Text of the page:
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Utah Small Estate Affidavit Form

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A Utah small estate affidavit is a tool whereby a successor of a person who died may avoid probate proceedings to collect the deceased’s personal property. This form is also referred to as the “Affidavit for Collecting Personal Property in a Small Estate Proceeding” and may be used for estates valued at $100,000 or less. The successor or their authorized agent may use this form for collecting and distributing personal property such as bank accounts, stocks, and tangible property (excluding real estate).

The successor must file a Survivorship Affidavit with the DMV to collect motor vehicles, boats, trailers, or semi-trailers, the value of which does not count against the $100,000 maximum.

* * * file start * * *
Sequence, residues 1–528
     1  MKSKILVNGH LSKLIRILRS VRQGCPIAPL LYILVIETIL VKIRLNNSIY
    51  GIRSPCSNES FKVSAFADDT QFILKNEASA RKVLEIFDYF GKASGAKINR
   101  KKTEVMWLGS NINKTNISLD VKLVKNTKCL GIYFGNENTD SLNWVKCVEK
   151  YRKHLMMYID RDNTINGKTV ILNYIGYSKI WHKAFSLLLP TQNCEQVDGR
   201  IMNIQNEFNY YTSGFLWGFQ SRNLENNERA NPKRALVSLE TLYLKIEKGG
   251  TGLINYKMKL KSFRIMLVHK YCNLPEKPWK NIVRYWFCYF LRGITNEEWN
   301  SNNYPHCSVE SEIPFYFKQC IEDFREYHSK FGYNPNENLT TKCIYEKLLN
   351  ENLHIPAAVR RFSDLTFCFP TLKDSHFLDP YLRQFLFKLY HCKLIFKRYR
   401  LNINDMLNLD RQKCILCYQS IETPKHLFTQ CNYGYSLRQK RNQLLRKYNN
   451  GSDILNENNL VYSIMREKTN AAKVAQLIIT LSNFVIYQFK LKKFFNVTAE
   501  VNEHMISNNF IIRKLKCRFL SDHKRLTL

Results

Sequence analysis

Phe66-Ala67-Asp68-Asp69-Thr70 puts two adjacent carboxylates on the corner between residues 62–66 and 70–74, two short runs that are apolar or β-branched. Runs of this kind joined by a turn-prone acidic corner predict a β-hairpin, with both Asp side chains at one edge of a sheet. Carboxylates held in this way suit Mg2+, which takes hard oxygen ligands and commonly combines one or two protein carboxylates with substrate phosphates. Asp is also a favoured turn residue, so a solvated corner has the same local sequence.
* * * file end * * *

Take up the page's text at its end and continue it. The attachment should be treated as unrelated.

How to Record (3 Steps)

Step 1 – Requirements

A successor (or their authorized agent) of a decedent may use this affidavit as long as the following requirements are met:

  • The entire estate is valued at less than $100,000, not including vehicles (up to four (4) total).
  • At least thirty (30) days have elapsed since the decedent’s passing.
  • No application or petition has been made to the court to appoint a personal representative.
  • The successor filing the affidavit is entitled to payment or delivery of the decedent’s property.

Note that this affidavit may not be used to transfer real estate.

Step 2 – Complete Affidavit

Providing that the estate qualifies for collection via affidavit, the successor or their authorized agent may fill out the Affidavit for Collecting Personal Property in a Small Estate Proceeding. This document must be notarized.

If the successor wishes to claim a vehicle, boat, trailer, or semi-trailer, they may use the Survivorship Affidavit document and submit it to the Department of Motor Vehicles (DMV).

Step 3 – Collect Assets

Once complete, the successor may present the affidavit to the custodian of any of the decedent’s property that they are entitled to and collect the property of the deceased. In the event the custodian refuses to deliver or transfer the property, the successor may choose to file legal action against that custodian, who may be liable for up to three (3) times the value of the property in damages in addition to legal fees.